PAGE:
Zoom Backgrounds

A number of images of works from AMOCA’s permanent collection have been formatted as Zoom backgrounds below. Another Board of Directors exclusive! For instructions on how to set a virtual background, click here for Zoom’s instruction page, or click here for a video tutorial on YouTube.

Many thanks to Robert J. Dea for the suggestion.

Bennett Bean

Bennett Bean, Triple Vessel, c. 2010. Earthenware. Gift of Julianne and David Armstrong.

Bennett Bean (b. 1941) is a multidisciplinary artist working in clay, stone, precious metals, weaving, paper, and painting. He is best known for his complex pit-fired ceramic works decorated with post-firing surface treatments using paint and gold leaf. His influences include Japanese, Native American, and modern American pottery.  He is also inspired by English pottery in the tradition of Bernard Leach.

Bean received a Bachelor of Arts degree from Iowa State University and a Master of Fine Arts degree from Claremont Graduate University where he studied with Paul Soldner. Bean is represented in major museum collections nationwide including the Whitney Museum of American Art (NY), The Smithsonian Institution (DC), and the Los Angeles County Museum of Art (CA).

Exhibited as part of New Acquisitions: Julianne and David Armstrong.

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Villeroy & Boch Mettlach. Jardiniere (#1128), 1885. Etched and glazed relief in fine stoneware. 16 x 23 x 10 inches.

This jardiniere is one of the many works donated by Bob and Colette Wilson. Mettlach (named after the village) is one of the factories of Villeroy & Boch located on the Saar River in western Germany, very close to the borders of France and Luxembourg. The factory was housed on the grounds of a former Benedictine Abbey dating to the 10th Century. The Abbey tower became a symbol for the quality and design of the Mettlach factory. On this side of the jardiniere the Abbey can be seen in the landscape. The factory ceased manufacture of these works during WWI and in August 1921 after a great fire destroyed the pattern and mold storehouse, but some molds survived and were used again in the late 1920’s.

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Relief Plaque

Villeroy & Boch Mettlach. Relief Plaque (#1696), ca. 1899. 16.5 inch diameter.

This Mettlach plaque was made using a variety of different techniques. The relief angel was hand applied requiring great skill and attention to detail by the sculptor. Gilding with gold on the edges and highlights required an extra low firing step. The angel (Greek Angelos = messenger) in this case is a womanly angel with a message of peace in the Spring of life as symbolized by what appears to be Laurel branches with blooms.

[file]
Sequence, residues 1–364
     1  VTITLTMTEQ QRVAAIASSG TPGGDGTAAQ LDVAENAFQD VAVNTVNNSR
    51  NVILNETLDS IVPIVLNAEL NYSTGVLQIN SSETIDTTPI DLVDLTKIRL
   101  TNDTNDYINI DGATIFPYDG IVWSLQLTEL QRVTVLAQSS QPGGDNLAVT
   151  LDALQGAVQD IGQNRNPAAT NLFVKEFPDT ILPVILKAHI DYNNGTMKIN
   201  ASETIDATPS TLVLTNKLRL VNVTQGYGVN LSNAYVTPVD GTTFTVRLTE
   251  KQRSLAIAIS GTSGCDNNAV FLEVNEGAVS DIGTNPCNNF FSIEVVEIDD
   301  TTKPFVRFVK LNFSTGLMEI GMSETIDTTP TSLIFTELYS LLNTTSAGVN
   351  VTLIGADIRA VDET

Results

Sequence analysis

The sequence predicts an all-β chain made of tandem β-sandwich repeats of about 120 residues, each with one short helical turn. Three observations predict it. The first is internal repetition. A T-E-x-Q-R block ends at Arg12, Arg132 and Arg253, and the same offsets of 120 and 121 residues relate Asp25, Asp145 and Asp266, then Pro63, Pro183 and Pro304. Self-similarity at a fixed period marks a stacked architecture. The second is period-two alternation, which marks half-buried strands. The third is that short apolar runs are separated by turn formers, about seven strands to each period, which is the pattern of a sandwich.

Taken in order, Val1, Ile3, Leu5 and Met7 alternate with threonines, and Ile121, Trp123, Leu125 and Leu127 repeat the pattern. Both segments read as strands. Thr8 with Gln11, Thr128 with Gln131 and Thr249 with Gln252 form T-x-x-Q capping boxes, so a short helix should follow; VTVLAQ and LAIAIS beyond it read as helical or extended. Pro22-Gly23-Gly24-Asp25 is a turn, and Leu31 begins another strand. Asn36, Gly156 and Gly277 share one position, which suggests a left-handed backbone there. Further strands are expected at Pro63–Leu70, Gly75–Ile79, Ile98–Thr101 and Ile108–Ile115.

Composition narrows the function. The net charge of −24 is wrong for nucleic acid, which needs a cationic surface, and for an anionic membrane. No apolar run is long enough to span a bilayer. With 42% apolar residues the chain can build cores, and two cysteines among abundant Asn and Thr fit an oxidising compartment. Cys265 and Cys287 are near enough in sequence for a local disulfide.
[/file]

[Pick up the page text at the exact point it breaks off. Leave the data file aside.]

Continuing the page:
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Phanolith Vase

Villeroy & Boch Mettlach, Phanolith Vase (#7010), c.1905. 13 inches tall.

This Phanolith, 2-handled vase has scenes from the Trojan War. Mettlach Phanolith items were translucent and made of soft-paste porcelain in the technique developed at Mettlach by Jean Baptiste Stahl. This technique is similar to that of the earlier Wedgwood wares from England.

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Peter Pincus

Peter Pincus, Quatrefoil Columns2018. Colored porcelain and gold luster. Gift of Julianne and David Armstrong.

Peter Pincus (b. 1982) is from Rochester, New York. He uses colored porcelain slip (liquid clay) in an elaborate mold-making and casting process. Pincus makes a form on the wheel, produces a plaster mold of the form, dissects the mold into pieces, paints the interior pieces of the mold with colored porcelain slips, and fills the mold with white slip to create the final sculpture. Pincus believes the interaction of color can elicit new ways of seeing by introducing a diverse color field to an equally interesting form.

Pincus received a Bachelor of Fine Arts degree in 2005 and a Master of Fine Arts degree in 2012 from Alfred University (NY). Peter is an Assistant Professor at the Rochester Institute of Technology (NY).

Exhibited as part of New Acquisitions: Julianne and David Armstrong.

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Patti Warashina

Patti Warashina, Water Boy,1991. Low-Fire Clay, Underglaze, Glaze. Gift of the Artist.

Patti Warashina (b. 1940) is a Seattle based artist that had long since focused on the human figure in her work and began to explore character and presence through greater size, simplicity, and amplitude. She reintroduced prominent color, employed a variety of glazes, and reinstated the clay surface as a field for graphic play. Warashina invented more varied and far less naturalistic figure types.

As in other works during this time of her career, Warashina asserted a different fluidity, not in the poses but in themes of water. Water Boy is clothed in garments of “water,” with a roiling surface, wave tops breaking out erratically, and a high-gloss glaze of glistening wetness. Fish, boats, and oil, introduce ecological concerns.

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AMOCA Entrance

The east-facing entrance of AMOCA in the evening light of late summer. For more information about AMOCA, visit the About page.

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